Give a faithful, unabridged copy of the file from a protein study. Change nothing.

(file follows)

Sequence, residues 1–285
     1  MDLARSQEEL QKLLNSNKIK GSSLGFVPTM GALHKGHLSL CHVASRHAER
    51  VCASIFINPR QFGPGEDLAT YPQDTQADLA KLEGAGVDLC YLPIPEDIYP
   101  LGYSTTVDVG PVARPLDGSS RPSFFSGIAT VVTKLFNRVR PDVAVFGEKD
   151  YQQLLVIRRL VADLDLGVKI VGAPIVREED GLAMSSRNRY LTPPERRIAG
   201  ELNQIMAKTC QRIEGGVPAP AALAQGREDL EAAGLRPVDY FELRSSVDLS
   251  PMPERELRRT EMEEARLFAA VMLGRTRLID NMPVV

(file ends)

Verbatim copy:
Sequence, residues 1–285
     1  MDLARSQEEL QKLLNSNKIK GSSLGFVPTM GALHKGHLSL CHVASRHAER
    51  VCASIFINPR QFGPGEDLAT YPQDTQADLA KLEGAGVDLC YLPIPEDIYP
   101  LGYSTTVDVG PVARPLDGSS RPSFFSGIAT VVTKLFNRVR PDVAVFGEKD
   151  YQQLLVIRRL VADLDLGVKI VGAPIVREED GLAMSSRNRY LTPPERRIAG
   201  ELNQIMAKTC QRIEGGVPAP AALAQGREDL EAAGLRPVDY FELRSSVDLS
   251  PMPERELRRT EMEEARLFAA VMLGRTRLID NMPVV